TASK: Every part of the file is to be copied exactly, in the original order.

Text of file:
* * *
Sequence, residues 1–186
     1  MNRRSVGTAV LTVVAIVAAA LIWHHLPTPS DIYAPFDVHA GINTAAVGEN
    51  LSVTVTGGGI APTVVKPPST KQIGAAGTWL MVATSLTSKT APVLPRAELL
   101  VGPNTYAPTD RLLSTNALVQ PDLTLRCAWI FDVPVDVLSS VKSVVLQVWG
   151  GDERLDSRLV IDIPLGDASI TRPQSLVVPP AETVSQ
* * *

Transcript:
Sequence, residues 1–186
     1  MNRRSVGTAV LTVVAIVAAA LIWHHLPTPS DIYAPFDVHA GINTAAVGEN
    51  LSVTVTGGGI APTVVKPPST KQIGAAGTWL MVATSLTSKT APVLPRAELL
   101  VGPNTYAPTD RLLSTNALVQ PDLTLRCAWI FDVPVDVLSS VKSVVLQVWG
   151  GDERLDSRLV IDIPLGDASI TRPQSLVVPP AETVSQ